How Can I Come Back From An Achilles Rupture?

Dear Running Profs,

I’m looking to you all for advice. For the last 2 years I’ve been trying to make a comeback to running after rupturing my Achilles. I was running around 3:45 for a marathon before injury struck. Since then I’ve struggled to get back – only managing to run 6-7 miles tops. While I’ve been road biking to keep fit I do so long to start running again.

Aurel Phillips, via email

Aurel, it’s great to hear that you’re running again! a ruptured Achilles can mean a long rehabilitation program. As I’m sure you’re well aware, a complete rupture means 6 to 9 months off while if you’ve had surgery it’s going to have been a long 12 months of rehab.

When you say that you’ve only been managing 6-7 miles at a time, I’d take a guess that this is because the pain is too much after this point. While I’m not aware of the specific details of your rehabilitation, it is vital that you support your running with the rehab exercises. The theory is that you want to gradually load the Achilles’ tendon.

These exercises generally involve standing on tip toes or slowly lowering down from tip toe to the floor (make sure you see a physio to get a professional assessment of the exercise that you will need) but in my experience, the most common mistake with this group of exercises is not using enough weight.

In order to help your Achilles and calf complete return to being able to deal with the load demands of running (together they play a huge role in generating propulsion), it’s imperative that enough weight is used during exercises to cause total fatigue. It’s only by taking them to failure that the body will be stimulated enough to cause an adaptive response, i.e get stronger. Too many runners strive for 2-minute isometric contractions or 3o repetitions when in reality they would achieve more by adding enough weight to make 30 seconds or 12 reps challenging. If you take it to failure, you will see that in time it takes more and more weight to stop you, so access to a selection of weights at home or membership if a gym can make a big difference when it comes to your Achilles rehab.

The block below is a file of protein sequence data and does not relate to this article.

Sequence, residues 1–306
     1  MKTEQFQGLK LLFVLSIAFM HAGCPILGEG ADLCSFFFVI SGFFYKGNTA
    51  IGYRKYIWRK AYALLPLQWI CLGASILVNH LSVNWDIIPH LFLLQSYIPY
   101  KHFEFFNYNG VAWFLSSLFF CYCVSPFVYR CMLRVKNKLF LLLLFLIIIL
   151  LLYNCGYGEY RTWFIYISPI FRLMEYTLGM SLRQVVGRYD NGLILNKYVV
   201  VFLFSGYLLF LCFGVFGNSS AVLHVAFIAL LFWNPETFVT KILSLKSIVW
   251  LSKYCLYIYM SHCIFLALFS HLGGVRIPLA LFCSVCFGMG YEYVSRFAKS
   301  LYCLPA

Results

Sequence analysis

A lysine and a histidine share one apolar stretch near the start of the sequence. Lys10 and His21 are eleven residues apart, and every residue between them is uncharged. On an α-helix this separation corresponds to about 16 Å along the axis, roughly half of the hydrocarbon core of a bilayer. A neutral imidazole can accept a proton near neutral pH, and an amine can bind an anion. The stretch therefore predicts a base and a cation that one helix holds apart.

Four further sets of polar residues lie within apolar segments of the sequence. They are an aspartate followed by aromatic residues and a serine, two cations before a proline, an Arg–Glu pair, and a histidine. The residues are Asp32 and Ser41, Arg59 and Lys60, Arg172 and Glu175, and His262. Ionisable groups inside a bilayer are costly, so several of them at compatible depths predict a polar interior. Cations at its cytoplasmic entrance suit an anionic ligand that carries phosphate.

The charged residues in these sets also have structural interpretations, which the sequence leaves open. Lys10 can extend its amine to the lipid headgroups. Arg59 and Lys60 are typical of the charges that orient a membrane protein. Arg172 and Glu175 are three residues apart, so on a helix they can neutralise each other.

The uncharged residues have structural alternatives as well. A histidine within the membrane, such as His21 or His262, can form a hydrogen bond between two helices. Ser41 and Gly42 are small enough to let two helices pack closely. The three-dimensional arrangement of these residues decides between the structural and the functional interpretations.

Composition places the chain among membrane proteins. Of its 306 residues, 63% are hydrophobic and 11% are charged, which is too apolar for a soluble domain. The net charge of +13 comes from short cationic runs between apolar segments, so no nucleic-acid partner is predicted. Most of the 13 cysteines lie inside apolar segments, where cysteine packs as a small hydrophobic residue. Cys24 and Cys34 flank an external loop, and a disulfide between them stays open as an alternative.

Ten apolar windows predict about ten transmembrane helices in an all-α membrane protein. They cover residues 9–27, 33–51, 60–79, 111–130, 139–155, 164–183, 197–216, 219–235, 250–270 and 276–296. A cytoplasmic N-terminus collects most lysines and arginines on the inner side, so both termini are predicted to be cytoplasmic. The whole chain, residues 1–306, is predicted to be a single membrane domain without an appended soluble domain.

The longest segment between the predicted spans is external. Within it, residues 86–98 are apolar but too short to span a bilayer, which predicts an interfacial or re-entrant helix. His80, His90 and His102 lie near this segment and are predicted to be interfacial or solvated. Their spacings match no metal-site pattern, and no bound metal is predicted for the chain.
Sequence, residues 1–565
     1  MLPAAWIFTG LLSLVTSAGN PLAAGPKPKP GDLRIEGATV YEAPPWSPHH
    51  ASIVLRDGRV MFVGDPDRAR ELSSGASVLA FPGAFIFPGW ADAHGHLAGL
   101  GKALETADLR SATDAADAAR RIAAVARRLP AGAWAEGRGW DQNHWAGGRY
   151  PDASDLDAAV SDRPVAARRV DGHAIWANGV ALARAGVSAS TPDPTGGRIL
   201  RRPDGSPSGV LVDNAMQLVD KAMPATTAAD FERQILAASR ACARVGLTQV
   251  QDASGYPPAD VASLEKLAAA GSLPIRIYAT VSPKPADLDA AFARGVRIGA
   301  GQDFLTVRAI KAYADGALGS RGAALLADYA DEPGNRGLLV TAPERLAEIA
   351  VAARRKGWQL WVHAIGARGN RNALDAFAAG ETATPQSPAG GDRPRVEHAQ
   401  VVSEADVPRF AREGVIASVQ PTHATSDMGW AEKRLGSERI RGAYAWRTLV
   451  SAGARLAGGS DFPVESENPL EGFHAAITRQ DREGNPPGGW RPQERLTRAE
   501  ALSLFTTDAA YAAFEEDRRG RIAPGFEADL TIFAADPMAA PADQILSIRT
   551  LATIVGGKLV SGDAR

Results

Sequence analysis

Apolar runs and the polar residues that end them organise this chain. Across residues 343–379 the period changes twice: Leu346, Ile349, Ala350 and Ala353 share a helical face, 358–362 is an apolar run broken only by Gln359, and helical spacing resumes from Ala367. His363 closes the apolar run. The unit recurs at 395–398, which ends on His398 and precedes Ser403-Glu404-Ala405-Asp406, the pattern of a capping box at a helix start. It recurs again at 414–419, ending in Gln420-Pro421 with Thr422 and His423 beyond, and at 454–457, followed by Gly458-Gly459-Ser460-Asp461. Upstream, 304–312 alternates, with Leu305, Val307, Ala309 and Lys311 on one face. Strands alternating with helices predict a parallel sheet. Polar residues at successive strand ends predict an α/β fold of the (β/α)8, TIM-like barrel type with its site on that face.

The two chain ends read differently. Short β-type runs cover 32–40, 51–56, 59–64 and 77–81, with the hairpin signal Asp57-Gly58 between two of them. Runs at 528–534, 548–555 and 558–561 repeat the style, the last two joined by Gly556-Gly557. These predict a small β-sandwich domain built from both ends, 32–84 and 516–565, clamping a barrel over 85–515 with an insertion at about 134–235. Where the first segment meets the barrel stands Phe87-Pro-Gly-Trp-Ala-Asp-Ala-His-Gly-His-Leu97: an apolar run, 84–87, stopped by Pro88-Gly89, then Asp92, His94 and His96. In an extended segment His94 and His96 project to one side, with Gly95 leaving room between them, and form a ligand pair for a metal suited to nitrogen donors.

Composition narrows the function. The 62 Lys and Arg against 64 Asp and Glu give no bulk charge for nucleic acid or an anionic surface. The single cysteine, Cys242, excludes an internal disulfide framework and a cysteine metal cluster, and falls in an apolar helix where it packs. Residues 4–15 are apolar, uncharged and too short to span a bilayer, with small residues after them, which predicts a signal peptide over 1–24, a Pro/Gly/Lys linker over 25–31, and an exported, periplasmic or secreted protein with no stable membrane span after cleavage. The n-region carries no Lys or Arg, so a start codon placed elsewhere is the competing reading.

Another point, though again this may not be the case for you, is not to fear pain. A serious injury like the total tear of a tendon can naturally leave you and more importantly you nervous system very wary of putting load through it again, especially when you start performing the same activity that you were doing when you tore it.

Pain is part of our incredibly sophisticated defense system, an alarm system that keeps us alive. It would be fairly useless system if it only went off after the damage had already been done, which is what pain is a warming of a threat and no a measure of the actual damage, In remembering this, try not to be afraid of 2’s and 3’s out of 10 (where 10 represents the worst pain you have ever felt). It often takes repeated exposure of 2’s and 3’s to help the system ‘desensitize’ and allow you to do more.

Both your rehab exercises and slowly more demanding running can be used to demonstrate to your defence system that it doesn’t need to be so protective. It may take time but it’s you that holds the reins.

Of course, ignoring 6’s and 7’s will have the opposite effect and create further threat to your system, which in return can cause an increase in sensitivity and see you start experiencing more pain after doing surprisingly less. Recovery is all about providing the right amount of exposure but not too much.

The road biking is a great idea to put a little more load through the tendon and improve your cardio fitness, but again make sure that you’re not shying away from a little pain.

Hope this helps!

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